The arrival of electric mobility brings the end of some of the elements that have defined the automobile throughout its more than one hundred years of history. Shifting gears has been a hallmark of driving any internal combustion vehicle for decades.
Despite the evolution of the gearbox and the popularization of automatic gearboxes, electric cars’ arrival is before and after an essential element when driving; the gear change.
Despite the industry trend to increase the number of gears to optimize the endothermic propellant’s performance and achieve lower vehicle emissions, modern electric cars dispense with the complexity of this element by including a single fixed ratio, two at the most in the case of Porsche.
Although the absence of a traditional gearbox is a characteristic that contributes to a more pleasant drive that highlights the linearity of the power delivery of the electric ones, the lack of this element reduces the weight of the vehicle, reduces the number of mechanical elements, and therefore its maintenance.
But the absence of various gear ratios is also a handicap for zero-emission cars.
Today, every available electric vehicle (except the Porsche Taycan) has a single-speed transmission since the electric motor does all the work through a single gear.
Electrics can afford to do without a transmission with different gears thanks to the enormous operating arc of electric motors, which also have the advantage of being able to be used from their maximum revolutions to zero without stopping or stalling.
The ability to widely exceed 10,000 rpm and even double this figure, at full speed, along with the feature of being available on-demand from the throttle at any time, allow the electrics available on the market to do without an essential element until now. But these advantages do not imply that all the motor torque is available from zero to maximum revolutions per minute since from a certain speed, the torque begins to decrease; besides that, at high speed, it is not possible to optimize the performance or revolutions of the motor by having only one speed, so it ends up consuming more energy than necessary.
Automakers deal with this in several ways, designing the single gear ratio for city use. For this reason, many of the electrics for sale also limit their maximum speed.
The problem of having only one gear ratio is tackled in different ways by each manufacturer. One of the industry benchmarks today, Tesla, originally intended to use a two-speed gearbox, as Porsche has finally done. Still, due to complexities, difficulties, and cost, they opted for their original solution. The California brand opted to use a two-speed ‘gearbox’ by separating the two gears in two engines; that is, it used two different gear ratios in each of the engines that incorporate its AWD four-wheel drive cars.
With this solution, Tesla simulates a two-speed gearbox using a double engine in its vehicles, where the smallest development is located in the rear engine, designed for the sudden accelerations that characterize its cars. Simultaneously, the longest is installed on the front engine that is responsible for ‘pulling’ the vehicle on the highway during higher speed journeys.
Porsche, for its part, was the first manufacturer to incorporate a two-speed transmission in its Taycan, a step that many other large manufacturers can now follow as solutions such as those from ZF or Inmotive arrive on the market, which allows managing the shifting gears without the exuberant torque of the electric motors destroying the transmissions and with almost no interruption of the thrust curve that makes this type of vehicle unique.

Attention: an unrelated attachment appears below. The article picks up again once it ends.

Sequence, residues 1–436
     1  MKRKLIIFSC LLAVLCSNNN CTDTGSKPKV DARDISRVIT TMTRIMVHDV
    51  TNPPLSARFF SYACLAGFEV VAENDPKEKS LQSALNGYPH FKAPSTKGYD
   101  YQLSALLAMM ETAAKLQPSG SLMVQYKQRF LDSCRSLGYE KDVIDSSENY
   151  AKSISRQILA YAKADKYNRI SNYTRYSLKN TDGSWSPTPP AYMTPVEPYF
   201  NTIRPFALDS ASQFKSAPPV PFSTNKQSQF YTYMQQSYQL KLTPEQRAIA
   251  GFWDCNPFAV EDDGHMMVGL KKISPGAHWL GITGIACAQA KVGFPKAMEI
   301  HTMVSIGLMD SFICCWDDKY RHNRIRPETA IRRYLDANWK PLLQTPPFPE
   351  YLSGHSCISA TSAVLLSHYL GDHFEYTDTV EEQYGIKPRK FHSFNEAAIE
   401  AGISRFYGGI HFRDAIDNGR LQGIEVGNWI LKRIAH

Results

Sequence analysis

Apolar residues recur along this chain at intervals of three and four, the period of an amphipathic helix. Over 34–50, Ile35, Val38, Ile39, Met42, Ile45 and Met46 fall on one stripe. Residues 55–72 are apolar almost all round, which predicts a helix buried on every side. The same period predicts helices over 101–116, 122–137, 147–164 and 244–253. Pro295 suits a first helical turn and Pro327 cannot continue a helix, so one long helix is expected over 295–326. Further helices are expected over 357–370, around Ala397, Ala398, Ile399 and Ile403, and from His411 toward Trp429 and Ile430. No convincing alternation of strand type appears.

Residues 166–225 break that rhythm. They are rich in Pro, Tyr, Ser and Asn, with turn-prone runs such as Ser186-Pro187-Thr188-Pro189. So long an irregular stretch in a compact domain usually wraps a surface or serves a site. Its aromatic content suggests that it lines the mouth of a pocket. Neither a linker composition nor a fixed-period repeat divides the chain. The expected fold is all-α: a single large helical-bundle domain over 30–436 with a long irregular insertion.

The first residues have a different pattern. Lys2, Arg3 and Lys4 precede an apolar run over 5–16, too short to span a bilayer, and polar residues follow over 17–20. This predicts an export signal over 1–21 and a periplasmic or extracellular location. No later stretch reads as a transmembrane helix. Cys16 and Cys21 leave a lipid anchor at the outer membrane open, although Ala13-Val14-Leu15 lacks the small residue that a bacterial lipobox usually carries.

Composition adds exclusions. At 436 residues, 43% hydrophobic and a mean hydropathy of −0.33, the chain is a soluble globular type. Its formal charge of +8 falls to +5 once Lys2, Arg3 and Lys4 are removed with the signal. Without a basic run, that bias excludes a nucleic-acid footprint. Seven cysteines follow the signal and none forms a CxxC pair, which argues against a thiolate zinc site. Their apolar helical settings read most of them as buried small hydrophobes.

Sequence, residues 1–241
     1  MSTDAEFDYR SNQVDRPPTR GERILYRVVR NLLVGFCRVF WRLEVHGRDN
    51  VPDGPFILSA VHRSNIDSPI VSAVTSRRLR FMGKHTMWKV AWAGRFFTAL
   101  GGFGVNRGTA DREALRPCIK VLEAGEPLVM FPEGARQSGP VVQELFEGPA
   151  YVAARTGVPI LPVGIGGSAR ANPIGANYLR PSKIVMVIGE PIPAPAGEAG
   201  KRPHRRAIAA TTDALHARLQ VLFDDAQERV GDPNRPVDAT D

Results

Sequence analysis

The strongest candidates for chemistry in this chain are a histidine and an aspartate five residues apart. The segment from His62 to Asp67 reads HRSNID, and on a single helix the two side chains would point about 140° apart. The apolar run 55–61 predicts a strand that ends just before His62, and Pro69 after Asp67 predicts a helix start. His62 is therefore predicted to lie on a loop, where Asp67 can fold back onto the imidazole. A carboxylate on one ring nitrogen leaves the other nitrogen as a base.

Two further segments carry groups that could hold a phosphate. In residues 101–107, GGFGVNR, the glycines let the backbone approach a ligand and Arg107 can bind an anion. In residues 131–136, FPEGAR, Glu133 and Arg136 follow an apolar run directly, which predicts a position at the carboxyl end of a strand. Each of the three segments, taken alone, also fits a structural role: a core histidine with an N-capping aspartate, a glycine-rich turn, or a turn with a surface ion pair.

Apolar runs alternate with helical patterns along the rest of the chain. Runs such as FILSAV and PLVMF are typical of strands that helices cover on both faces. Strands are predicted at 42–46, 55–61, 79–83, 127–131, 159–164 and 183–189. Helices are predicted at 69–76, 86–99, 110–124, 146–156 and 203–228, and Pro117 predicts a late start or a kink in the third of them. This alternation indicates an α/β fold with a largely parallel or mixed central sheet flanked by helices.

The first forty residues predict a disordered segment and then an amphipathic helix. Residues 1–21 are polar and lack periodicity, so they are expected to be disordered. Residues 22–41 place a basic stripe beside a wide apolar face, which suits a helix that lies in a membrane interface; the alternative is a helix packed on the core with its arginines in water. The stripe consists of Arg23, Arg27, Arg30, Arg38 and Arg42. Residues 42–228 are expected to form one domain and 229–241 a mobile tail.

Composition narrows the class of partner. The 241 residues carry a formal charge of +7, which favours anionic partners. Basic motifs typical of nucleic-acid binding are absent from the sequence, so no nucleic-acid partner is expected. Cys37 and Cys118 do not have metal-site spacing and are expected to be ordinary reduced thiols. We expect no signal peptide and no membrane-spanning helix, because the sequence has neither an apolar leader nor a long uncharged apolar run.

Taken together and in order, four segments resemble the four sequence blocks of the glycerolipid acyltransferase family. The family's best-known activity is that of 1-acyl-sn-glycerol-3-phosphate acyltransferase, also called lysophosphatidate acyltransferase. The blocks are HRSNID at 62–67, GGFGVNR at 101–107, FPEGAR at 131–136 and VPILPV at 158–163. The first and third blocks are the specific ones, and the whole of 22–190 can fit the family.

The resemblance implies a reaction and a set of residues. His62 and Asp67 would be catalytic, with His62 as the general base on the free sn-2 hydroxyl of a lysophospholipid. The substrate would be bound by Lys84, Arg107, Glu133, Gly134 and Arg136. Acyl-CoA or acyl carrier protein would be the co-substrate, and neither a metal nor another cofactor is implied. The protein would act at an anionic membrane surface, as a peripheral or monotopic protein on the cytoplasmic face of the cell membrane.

The advantages of a solution with more than one development can allow electric vehicles to improve efficiency when transmitting energy, optimizing the system on the one hand, and increasing performance.
From Canada comes an alternative
In 1995, the Toronto startup Inmotive’s jump into the universe of electric vehicles was based on the fact that their motors use much more energy than they need to carry out their mission. The Canadians’ goal was to offer an efficient, economical, and compact alternative to optimize the performance of zero-emission vehicles.
What differentiates the two-speed transmission baptized as Ingear concerning other solutions on the market is that it incorporates a continuous chain transmission that allows, according to the company, that “energy flows continuously between the engine and the wheels, even during the change.” This being the solution that can turn around the future of future electric car transmissions.
As if it were a bicycle derailleur, the Canadian gearbox’s operation replaces the highest development with a retractable gear that is gradually ‘collected.’ At the same time, a continuous toothed belt simultaneously engages the lower gear ratio, avoiding pauses in the traction typical of the conventional gear change.
According to the Canadian company, the advantages of this innovative engineering solution are to optimize vehicle efficiency up to 7.1% under the WLTP-3 cycle and 6.7% in the EPA-Combined cycle.
To demonstrate how their solution works, the Canadians installed their gearbox in a Kia Soul EV and allowed some journalists to test their unit who share their impressions in the video below.
Once these types of alternatives are consolidated, using this type of two-speed gearboxes with continuous change will maintain the linearity in acceleration and power delivery that distinguishes EVs while reducing the battery’s size. The inverter and the motor, further increasing the autonomy of each car.
Achieving a more efficient car means using smaller batteries to obtain the same range, which reduces the vehicle’s purchase price, the number of raw materials to build the batteries, and the energy production required to complete each trip.